Sweden will extend its current rules to curb COVID-19 transmission, as health authorities expect that as much as 10 percent of the population could be infected by the virus in the next two weeks.
The government expects to be able to remove most restrictions from Feb. 9, Social Minister Lena Hallengren said at a press conference on Tuesday. Transmission is rampant in the country of 10.4 million people and vaccinations are proceeding at a fast pace, leading health authorities to estimate cases will begin to decline next month.
“We estimate that about half a million people are currently being infected by COVID-19 every week, and we hope that another half a million people a week will accept the offer to get vaccinated,” said Karin Tegmark Wisell, director-general at the Public Health Agency. “That will lead to a decline as there are fewer individuals who can be infected.”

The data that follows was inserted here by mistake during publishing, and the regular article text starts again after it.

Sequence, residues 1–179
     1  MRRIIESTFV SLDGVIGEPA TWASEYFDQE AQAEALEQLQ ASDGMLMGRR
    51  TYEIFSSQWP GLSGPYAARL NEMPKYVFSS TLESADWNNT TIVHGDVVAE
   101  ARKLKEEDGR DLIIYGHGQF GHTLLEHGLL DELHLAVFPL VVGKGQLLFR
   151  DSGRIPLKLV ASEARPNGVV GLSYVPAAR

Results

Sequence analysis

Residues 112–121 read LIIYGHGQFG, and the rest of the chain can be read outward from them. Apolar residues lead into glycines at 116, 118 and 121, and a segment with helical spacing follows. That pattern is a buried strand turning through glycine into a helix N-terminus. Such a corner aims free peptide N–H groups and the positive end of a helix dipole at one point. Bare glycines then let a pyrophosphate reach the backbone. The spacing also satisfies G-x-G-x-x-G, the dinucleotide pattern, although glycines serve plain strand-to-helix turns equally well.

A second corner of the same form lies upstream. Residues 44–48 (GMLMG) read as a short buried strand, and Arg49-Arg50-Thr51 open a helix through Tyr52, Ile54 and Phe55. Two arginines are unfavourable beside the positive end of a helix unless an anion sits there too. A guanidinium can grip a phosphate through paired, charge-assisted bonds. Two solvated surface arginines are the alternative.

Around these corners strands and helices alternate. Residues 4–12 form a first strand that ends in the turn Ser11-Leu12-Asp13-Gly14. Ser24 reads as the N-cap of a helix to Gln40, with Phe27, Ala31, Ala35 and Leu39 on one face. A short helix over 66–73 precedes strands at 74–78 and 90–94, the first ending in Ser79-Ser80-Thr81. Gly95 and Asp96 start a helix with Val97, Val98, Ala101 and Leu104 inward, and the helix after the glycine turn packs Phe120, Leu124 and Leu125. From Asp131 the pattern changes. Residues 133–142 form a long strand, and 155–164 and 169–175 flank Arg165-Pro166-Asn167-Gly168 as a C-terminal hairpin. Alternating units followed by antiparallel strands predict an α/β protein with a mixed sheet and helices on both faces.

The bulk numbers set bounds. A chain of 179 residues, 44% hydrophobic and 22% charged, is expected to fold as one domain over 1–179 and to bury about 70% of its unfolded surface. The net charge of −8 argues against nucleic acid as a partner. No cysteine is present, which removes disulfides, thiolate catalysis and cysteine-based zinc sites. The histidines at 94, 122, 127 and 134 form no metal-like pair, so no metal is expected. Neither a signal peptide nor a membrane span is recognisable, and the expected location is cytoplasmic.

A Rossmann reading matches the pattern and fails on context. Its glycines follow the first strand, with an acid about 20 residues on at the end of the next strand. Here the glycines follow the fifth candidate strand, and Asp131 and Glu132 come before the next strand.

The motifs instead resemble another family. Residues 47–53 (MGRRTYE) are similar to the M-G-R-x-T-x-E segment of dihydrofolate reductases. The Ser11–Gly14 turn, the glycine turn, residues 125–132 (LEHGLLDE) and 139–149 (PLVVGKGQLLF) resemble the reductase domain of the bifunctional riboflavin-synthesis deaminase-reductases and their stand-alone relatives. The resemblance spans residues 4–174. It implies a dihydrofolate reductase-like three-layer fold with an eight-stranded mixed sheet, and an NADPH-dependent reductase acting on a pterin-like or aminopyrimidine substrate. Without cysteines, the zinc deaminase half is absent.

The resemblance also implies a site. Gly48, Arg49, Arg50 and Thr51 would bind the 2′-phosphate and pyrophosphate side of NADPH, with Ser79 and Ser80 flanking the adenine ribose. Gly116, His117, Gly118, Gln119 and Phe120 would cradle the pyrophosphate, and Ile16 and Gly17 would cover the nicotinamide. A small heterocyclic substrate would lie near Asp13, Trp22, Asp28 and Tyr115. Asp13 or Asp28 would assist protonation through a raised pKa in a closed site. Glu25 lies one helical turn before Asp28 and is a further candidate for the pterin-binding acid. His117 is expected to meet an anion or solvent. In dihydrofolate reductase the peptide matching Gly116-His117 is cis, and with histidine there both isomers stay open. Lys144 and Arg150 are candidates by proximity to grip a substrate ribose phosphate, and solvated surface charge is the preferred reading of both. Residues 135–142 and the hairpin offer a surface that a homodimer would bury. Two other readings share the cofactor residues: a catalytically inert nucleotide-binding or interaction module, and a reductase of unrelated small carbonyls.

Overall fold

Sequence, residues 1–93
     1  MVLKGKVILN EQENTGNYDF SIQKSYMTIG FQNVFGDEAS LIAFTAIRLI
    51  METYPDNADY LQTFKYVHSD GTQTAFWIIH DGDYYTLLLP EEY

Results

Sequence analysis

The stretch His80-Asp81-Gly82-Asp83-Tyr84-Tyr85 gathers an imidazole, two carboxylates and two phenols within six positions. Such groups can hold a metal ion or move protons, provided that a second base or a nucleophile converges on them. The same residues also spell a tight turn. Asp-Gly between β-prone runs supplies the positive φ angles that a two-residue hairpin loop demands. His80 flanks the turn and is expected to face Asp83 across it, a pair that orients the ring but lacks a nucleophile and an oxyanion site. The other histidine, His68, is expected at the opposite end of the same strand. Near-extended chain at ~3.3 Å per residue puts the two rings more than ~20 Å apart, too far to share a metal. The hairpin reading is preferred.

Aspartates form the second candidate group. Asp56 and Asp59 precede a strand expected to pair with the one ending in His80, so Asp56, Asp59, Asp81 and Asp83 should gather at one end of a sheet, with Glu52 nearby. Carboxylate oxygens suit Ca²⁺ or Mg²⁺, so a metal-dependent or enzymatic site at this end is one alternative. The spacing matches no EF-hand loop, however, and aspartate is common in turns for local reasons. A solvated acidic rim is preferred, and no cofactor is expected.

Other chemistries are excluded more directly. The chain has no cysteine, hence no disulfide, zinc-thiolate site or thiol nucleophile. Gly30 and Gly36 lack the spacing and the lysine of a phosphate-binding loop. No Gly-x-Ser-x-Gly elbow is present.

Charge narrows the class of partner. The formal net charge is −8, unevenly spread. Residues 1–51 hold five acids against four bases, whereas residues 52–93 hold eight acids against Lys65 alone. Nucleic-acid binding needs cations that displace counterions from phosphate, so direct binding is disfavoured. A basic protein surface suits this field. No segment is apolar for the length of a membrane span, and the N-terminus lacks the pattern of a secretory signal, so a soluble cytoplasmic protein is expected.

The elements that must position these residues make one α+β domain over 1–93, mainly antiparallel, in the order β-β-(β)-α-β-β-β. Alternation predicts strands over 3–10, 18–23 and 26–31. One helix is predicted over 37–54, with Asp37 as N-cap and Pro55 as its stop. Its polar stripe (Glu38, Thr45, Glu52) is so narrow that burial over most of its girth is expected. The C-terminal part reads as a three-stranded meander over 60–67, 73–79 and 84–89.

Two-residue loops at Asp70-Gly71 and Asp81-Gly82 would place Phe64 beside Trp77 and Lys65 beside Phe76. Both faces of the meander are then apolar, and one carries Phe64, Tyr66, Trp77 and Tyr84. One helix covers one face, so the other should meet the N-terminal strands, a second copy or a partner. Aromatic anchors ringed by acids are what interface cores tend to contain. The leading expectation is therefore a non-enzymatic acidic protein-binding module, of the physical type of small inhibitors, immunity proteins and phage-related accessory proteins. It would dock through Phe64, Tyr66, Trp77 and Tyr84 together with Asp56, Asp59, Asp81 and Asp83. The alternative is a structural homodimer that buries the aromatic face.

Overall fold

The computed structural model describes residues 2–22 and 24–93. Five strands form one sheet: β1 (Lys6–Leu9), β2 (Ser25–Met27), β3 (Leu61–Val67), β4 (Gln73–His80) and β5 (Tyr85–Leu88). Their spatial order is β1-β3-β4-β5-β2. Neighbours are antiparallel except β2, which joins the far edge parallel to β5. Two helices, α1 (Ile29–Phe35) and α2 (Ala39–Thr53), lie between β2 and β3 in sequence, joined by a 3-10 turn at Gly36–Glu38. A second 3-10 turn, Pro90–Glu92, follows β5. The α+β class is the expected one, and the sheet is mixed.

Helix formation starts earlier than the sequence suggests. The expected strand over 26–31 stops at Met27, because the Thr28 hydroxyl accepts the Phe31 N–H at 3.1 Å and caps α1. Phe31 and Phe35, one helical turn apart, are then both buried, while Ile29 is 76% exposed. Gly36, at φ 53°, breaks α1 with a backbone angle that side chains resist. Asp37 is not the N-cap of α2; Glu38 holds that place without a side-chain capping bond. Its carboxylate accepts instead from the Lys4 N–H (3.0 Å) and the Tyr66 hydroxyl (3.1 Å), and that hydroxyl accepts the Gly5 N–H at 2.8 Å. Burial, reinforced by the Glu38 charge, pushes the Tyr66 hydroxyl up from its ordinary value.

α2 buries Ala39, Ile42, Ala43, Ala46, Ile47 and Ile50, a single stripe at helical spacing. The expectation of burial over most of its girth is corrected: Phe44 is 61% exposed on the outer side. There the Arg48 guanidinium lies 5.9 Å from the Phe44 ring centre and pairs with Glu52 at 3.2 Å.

Under current rules, public outdoors events are capped at 500 participants, and bars and restaurants must close no later than 11 p.m.
The decision comes after the UK has announced easing of restrictions, and Denmark plans to end curbs and reclassify COVID-19 as a disease that no longer poses a threat to society. Tegmark Wisell said the development of the pandemic in Sweden lags behind the UK by three to four weeks and Denmark by about two weeks.
“Just like in the UK and in Denmark, we see that we have entered a new phase of the pandemic,” she said. “There may be new developments, but at the moment we all make a similar assessment.”